Jan. 29, 2004
By Matt Segal
In a television-driven era when amateur athletes are constantly aspiring to make the next SportsCenter highlight, strong fundamentals are often a missing ingredient. Strong defense, proper rebounding techniques, superb passing skills and free throw accuracy are often times a lost cause because youngsters are too busy mastering the behind-the-back pass or attempting to perfect the next earth-shattering dunk.
Such is not the case with Chris Rhodes, a 6-foot-7, 225-pound, junior on the Ole Miss basketball team.
"Chris is a tough kid and an extremely hard worker," Rebels head coach Rod Barnes said. "He has really developed as an inside presence for us, especially on the defensive end. Chris has given us some more options and added depth this year. He really bangs on the inside and plays hard. He is fundamentally sound and, being a third-year member of this program, his experience is starting to pay off for us."
Very few know his name because he is far from a stat-sheet stuffer. Yet, his "team-first" attitude and commitment to the defensive end have recently earned him a spot in the Rebels starting line-up. Since making the transition Jan. 21, Rhodes has helped Ole Miss to Southeastern Conference victories over LSU and Alabama. The Houston, Texas, native fully understands his ticket to playing time - doing all of the little things.
"I really enjoy the defensive end of the floor," Rhodes said. "I take it as a personal challenge to shut down the opposing team's top scorer. I try to be tough inside and help our front line dominate the paint. I think my recent play on the defensive end has taken some pressure of off Justin (Reed). I just want to do all of the little things to help him and this team."
Helping the team is exactly what Rhodes has done, aiding the Rebels to eight wins in their last 13 contests.
Barnes says the old clich?, "he'd rather score no points and win than score 30 and lose" fits Rhodes perfectly.
"Chris is the consummate team player," the sixth-year head coach said. "His unselfishness has been a big key for us. He isn't concerned with statistics or individual accolades and will do whatever it takes (to win)."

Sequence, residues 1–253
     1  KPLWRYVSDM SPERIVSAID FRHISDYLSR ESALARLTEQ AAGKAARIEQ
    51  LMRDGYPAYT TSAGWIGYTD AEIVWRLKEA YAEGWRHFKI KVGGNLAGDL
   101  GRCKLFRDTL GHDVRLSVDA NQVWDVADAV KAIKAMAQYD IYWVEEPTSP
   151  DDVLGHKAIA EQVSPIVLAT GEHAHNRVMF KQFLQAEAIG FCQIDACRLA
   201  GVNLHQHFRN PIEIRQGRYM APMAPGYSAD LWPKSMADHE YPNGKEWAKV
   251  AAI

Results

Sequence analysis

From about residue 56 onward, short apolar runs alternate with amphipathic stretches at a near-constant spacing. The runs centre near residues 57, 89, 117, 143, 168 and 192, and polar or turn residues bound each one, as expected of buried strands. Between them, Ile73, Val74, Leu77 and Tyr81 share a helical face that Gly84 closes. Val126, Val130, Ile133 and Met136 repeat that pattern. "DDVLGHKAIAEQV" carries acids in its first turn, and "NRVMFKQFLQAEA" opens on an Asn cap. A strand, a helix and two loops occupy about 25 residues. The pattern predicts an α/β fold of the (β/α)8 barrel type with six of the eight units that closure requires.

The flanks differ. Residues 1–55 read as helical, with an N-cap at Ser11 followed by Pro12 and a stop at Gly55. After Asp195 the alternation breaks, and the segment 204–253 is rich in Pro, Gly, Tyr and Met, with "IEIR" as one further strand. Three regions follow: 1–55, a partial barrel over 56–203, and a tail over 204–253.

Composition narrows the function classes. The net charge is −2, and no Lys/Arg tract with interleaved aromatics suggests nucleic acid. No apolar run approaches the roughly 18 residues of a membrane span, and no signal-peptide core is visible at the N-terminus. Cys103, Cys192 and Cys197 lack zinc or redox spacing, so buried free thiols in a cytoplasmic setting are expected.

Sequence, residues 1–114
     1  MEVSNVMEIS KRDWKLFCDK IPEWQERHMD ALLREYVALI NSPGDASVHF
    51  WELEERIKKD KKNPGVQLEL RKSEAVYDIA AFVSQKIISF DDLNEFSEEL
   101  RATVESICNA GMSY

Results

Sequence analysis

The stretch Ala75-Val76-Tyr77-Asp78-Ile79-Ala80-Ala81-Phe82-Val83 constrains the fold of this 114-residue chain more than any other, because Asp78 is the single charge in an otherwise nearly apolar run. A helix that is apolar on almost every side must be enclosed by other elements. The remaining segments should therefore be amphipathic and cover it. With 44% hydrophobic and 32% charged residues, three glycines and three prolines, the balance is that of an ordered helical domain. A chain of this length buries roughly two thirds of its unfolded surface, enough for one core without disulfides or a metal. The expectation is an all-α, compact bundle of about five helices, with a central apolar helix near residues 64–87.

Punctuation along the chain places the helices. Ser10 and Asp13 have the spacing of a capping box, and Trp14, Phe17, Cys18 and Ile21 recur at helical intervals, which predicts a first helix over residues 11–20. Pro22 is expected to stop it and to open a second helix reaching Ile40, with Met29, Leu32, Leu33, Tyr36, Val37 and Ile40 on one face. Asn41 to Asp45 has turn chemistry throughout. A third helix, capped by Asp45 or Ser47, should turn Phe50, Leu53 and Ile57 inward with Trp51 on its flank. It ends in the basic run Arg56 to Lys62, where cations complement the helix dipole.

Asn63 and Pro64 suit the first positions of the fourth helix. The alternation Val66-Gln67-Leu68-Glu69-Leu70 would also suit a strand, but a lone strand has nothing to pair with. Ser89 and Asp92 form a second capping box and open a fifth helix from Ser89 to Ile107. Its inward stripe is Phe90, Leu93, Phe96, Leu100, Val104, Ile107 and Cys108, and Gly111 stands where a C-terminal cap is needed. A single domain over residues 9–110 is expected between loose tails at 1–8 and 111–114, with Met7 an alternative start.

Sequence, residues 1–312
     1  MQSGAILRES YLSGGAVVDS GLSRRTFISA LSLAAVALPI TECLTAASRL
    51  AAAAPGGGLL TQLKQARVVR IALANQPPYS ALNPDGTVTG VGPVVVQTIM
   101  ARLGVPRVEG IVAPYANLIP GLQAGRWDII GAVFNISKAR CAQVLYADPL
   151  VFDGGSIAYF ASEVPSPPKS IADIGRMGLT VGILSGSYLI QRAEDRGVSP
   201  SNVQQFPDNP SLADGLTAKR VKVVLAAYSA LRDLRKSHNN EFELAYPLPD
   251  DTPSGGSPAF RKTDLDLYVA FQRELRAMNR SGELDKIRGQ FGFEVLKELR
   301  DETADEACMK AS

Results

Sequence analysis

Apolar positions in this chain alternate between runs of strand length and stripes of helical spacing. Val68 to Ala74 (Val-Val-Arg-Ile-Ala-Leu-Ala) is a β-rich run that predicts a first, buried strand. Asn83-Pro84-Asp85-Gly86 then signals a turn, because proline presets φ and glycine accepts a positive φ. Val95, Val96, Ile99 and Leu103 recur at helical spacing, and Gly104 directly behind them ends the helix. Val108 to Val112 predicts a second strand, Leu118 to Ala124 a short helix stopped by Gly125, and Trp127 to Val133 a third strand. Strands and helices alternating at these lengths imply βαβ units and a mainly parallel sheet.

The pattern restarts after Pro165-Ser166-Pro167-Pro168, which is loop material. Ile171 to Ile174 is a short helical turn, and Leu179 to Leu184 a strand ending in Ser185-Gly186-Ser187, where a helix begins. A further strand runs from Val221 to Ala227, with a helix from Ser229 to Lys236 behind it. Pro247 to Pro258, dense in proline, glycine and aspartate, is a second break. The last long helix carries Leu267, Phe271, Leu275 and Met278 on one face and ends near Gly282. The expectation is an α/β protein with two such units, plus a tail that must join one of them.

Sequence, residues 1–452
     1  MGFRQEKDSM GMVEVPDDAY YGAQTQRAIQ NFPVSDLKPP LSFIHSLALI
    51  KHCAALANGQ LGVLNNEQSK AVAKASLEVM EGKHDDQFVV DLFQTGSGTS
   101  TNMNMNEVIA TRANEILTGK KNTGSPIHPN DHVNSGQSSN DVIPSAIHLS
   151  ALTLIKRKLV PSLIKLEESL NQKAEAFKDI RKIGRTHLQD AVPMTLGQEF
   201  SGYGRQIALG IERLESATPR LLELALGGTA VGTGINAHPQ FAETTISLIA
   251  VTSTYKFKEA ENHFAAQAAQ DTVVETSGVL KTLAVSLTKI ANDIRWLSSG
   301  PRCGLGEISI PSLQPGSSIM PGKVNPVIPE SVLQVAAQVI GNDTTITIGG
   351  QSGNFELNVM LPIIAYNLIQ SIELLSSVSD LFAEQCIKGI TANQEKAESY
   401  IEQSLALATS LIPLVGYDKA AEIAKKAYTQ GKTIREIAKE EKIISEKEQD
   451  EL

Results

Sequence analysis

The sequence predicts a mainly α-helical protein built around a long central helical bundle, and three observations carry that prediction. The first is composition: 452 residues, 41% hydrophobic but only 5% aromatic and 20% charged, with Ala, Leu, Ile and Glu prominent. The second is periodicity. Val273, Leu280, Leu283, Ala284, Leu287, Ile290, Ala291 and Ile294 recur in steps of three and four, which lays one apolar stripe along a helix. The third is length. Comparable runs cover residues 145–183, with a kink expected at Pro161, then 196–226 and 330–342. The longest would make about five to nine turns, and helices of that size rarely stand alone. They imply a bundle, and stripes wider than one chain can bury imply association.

Rhodes, who posted career highs of 10 points and five rebounds at Auburn Feb. 5, 2003, just tries to make the most out of every opportunity. After playing the first 50 games of his collegiate career as a reserve, he now finds himself being called upon at the beginning of games. He is happy to contribute in either capacity.
"I try to have the same mindset as a starter," the criminal justice major pointed out. "I just want to bring a lot of intensity every time I hit the floor, regardless of whether I'm starting or coming off the bench."
For Rhodes, fighting through adversity became the norm during his high school career at Westbury Christian H.S. in Houston. His athletic accolades - including four straight Texas High School basketball state championships - filled several pages. His academic success, however, was a totally different story. As a senior, Rhodes' grades were not up to par. He was worried that his academic struggles would jeopardize his chance to play Division-I basketball. Rhodes attended night class throughout the week and even additional classes each weekend to ensure that he'd be eligible as a freshman at Ole Miss.
At no point did Barnes and his staff look at Rhodes as a liability because of his academic situation. Instead, they showed confidence in the 2001 Texas State Tournament Most Valuable Player.
"The Ole Miss coaching staff was great to me as a senior in high school," Rhodes admitted. "They called my teachers and counselors (at Westbury Christian) on a regular basis. Their concern definitely made me want to succeed. It gave me the necessary drive to get over the hump. The coaches stuck with me during the difficult times and stayed persistent in recruiting me. I felt like Ole Miss was where I belonged."
The Rebels still have several crucial league tilts remaining, including today's contest vs. first-place South Carolina.
"The SEC has a lot of great teams in it so, to be successful, you have to come out with a lot of focus every night," Rhodes explained. "You can't take a 'night off' and expect to win. By the same token, I think any team can beat any opponent on a given night. Every game presents a challenge and the team that wants it more usually wins. Our coaching staff does a great job in preparing us for games, but once we are given the scouting report it's really our responsibility to make sure that we are ready."
Rhodes, who enjoys watching movies and playing playstation in his spare time, hopes to become a lawyer after his playing days are over. He says the greatest lesson he has learned is to "take pride in whatever you do." He also lives by the words from his mother, who always said "don't sell yourself short."
"Chris has yet to reach his potential as a college basketball player," Barnes added. "We are starting to gain confidence in his abilities and I think he is starting to believe in us.
"Overall, I'd have to say that this is an exciting team to coach. We have a lot of potential because we are still very young. I think the guys are starting to learn our system. Our main goal right now is to get better every day. If that happens, good things are bound to happen."
With increased contributions from role players such as Rhodes, the Rebels hope to be playing their best basketball in the month of March when it matters the most.
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